8 July 2020
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Could Trump KO your super returns?

Peter Switzer
19 May 2017

By Peter Switzer 

What did yesterday’s Trump trade reversal teach us? In case you missed it, Donald’s dunce hat actions over his FBI boss and mouthing off with his Russian ‘drinking buddies’ has raised questions about his longevity in the job and the Dow Jones Index gave up 372 points.

This was the biggest sell off for the 30 major stocks index in 2017, and resulted in our stock market dropping 47.7 points on the S&P/ASX 200 Index, which was a 0.82% slump.

Make no bones about it, what we saw was a Trump slump and if he doesn’t lift his game, he will cancel out a big chunk of the 10% plus gain we’ve seen in stocks since his surprise win in November last year.

Yesterday I talked to Doug Wead, the author of a new book called A Game of Thorns that looked at the pre-election battle between Hillary Clinton and Donald Trump. Doug argues it had all of the intrigue, drama, double-crossing and downright disgusting actions of the TV show of a similar name and the loser gave as good or as bad as she got!

He believes Trump is in dangerous waters but thinks impeachment will be harder to pull off because the Republicans are unlikely to play that card, unless the case against the President gets worse.

Doug has advised both George Bush Snr and Jnr and knows his way around Washington DC.

The market’s negative reaction was looking at the current distractions and the fact that some Republicans are speaking out against Trump’s actions, which could easily delay or even derail the tax reform program’s progress through the Congress.

That said, there could be those who might be thinking that if Donald lost his gig, Vice-President Pence does look like a safer pair of hands for the world’s top political job. Arguably, he could still advance the policies of lower taxes, less regulation and infrastructure projects, such as the Great Wall of Mexico!

Happily, the Dow was up 55 points today and while you can’t argue “all is forgiven and let’s move on”, the market’s starting to prevail over the headline sellers.

Clearly, if Trump and his team can’t beat the accusations and the ex-FBI chief, Robert Mueller, who will look into the Trump team’s ties to Russia before the election, the market will suffer. This has been driven by Republicans who want an independent inquiry into the persistent claims that Russia hacked Trump into the top job.

And then there’s Donald’s sacking of the most recent FBI boss, James Comey and his decision to declassify info on the run, while hanging out with the Russian Foreign Minister and Ambassador!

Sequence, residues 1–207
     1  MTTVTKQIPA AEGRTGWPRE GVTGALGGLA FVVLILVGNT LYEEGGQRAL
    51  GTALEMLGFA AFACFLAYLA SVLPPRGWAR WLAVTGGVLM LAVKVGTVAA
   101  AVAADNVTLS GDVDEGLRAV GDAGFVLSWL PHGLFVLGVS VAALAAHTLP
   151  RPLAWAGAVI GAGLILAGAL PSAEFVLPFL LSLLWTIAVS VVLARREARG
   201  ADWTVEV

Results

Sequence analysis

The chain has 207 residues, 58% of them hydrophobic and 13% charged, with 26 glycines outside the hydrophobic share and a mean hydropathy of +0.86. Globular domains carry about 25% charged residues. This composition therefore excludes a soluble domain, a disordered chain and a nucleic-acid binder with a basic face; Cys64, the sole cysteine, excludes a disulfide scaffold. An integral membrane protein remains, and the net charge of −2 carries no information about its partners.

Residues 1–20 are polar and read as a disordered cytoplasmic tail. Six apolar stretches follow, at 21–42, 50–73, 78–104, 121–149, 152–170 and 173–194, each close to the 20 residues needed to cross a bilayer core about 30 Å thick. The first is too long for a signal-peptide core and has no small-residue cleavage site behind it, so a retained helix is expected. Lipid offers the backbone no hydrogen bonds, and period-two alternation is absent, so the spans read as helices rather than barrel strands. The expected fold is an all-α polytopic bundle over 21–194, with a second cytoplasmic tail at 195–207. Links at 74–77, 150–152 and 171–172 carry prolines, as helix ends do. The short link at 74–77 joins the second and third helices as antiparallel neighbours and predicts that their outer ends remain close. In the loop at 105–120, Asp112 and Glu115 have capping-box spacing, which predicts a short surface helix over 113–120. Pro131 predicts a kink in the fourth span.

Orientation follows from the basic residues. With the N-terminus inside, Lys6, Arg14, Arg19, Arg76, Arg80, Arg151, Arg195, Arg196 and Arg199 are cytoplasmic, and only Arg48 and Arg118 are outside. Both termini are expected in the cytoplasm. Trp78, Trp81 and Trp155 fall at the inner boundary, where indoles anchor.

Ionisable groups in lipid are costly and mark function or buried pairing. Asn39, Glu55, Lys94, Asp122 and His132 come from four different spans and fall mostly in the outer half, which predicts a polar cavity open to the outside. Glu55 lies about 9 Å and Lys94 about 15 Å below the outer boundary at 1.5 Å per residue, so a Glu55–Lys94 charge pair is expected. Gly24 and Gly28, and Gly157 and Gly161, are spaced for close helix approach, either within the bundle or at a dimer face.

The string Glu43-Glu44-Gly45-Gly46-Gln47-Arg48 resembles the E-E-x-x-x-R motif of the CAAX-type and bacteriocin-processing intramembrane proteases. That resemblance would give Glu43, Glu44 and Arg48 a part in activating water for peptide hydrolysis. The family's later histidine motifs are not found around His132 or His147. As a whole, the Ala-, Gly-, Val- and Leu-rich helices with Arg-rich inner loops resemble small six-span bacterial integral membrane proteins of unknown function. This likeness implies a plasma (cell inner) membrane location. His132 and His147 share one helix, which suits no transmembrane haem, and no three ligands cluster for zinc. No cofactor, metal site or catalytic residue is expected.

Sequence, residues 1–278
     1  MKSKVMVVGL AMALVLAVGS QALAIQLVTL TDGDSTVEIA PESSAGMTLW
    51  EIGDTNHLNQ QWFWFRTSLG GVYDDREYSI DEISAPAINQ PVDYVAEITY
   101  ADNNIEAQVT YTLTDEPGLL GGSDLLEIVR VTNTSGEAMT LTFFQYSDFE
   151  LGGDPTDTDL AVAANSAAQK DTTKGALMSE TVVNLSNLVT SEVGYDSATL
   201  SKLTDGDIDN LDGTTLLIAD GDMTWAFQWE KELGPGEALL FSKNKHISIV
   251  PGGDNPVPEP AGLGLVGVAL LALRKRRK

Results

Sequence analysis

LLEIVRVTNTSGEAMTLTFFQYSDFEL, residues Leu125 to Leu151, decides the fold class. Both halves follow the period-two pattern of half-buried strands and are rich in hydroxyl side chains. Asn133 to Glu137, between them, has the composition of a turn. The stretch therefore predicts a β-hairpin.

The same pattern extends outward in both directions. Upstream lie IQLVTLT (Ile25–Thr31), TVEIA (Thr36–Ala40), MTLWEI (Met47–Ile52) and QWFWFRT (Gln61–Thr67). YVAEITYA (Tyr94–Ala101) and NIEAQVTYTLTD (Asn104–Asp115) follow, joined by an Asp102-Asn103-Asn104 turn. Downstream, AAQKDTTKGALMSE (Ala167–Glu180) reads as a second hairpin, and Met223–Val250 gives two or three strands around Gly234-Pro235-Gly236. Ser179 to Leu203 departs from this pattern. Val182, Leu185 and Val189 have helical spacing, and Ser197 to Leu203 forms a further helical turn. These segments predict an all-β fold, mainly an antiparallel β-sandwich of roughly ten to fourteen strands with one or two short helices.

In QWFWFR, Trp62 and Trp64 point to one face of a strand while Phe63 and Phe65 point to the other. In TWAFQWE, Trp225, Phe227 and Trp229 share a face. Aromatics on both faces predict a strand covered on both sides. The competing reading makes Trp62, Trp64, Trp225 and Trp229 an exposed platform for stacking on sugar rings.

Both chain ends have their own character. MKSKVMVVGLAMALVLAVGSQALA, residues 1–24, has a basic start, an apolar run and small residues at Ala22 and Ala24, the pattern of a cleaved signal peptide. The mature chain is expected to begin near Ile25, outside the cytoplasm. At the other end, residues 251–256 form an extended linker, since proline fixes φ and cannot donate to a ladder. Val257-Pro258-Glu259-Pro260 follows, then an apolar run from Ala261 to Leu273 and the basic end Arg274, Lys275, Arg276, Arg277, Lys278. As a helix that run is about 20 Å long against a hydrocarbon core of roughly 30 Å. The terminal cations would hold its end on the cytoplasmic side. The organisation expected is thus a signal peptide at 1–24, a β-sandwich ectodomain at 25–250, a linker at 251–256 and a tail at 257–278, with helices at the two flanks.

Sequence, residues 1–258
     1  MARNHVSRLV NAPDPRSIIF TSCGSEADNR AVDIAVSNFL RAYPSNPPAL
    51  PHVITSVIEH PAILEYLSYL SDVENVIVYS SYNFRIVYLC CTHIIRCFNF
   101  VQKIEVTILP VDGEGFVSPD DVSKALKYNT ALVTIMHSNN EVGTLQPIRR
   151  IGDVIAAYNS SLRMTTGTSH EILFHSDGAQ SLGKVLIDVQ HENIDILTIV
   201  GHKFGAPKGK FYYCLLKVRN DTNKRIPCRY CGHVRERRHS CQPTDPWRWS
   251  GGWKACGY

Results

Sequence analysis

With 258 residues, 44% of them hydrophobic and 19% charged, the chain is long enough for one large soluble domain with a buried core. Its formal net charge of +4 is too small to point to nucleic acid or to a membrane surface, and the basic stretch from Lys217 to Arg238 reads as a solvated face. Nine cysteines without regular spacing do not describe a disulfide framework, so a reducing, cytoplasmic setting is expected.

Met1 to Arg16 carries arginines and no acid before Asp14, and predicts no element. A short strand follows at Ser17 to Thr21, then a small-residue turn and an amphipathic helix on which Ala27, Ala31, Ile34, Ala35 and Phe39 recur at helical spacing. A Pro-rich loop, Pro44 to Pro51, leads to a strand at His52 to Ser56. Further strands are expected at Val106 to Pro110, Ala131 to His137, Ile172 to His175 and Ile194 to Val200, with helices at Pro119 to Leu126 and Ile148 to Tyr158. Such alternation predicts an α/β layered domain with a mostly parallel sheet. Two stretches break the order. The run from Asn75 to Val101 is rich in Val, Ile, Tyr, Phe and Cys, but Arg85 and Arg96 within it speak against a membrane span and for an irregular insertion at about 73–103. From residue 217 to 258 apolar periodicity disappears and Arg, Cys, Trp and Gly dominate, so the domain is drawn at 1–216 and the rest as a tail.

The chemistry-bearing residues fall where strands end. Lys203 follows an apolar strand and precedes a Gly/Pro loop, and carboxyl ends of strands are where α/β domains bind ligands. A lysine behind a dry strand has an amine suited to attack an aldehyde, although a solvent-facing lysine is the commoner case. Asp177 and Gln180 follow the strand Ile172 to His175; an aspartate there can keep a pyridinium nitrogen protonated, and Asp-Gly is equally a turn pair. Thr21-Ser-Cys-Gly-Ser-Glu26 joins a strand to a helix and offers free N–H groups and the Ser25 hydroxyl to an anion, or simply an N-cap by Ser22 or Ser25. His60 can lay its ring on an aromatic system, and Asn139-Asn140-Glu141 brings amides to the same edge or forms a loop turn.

A case is building that if Donald can beat impeachment threats in the short term, if he keeps looking like an amateur fool on Capitol Hill, the Democrats will win next year’s mid-term elections. And that’s when the Trump experiment could turn to ‘you know what’.

The stock market and our super funds need the Trump team to start looking more professional and presidential, or a lot more of the 10% gain for stocks Donald has helped to deliver since his election could easily be lost.

That said, it hasn’t been all a Trump thing. This observation on CNBC this morning by Randy Warren, the chief investment officer at Warren Financial, explains my point. "What happened yesterday was interesting. You had a complete removal of any Trump premium," he said "What's happening now is the fundamentals are taking over."

Yep, and AMP Capital’s Shane Oliver made the same point on my TV show last night that the Trump effect has unfairly taken some of the glory for the market’s rebound since November.

The economic and company earnings story around the world (even in Europe) has been on the improve. A world without Donald Trump might be less rewarding for stocks and our super funds, but it wouldn’t be a disaster.

If Donald can learn to play smart President and not dumb President and get back to selling his agenda of lower taxes, less regulation and more infrastructure spending, and if our economy can show the gradual improvement that we saw in the labour market this week (with unemployment falling from 5.9% to 5.7%), then our super funds can continue their stellar run.

And if you weren’t aware of this, here’s the latest from the super scoreboard of Chant West: “Super funds were again in positive territory in April with the median growth fund (61 to 80% growth assets) up 1.5%. This was the eighth month of positive performance out of the past ten, and the cumulative return for the financial year to date now stands at an impressive 10.1%.”

The month of May won’t bring such good news and I will blame Donald for a significant part of any super losses we endure.

Let’s hope he gets smart in the not-too-distant future.

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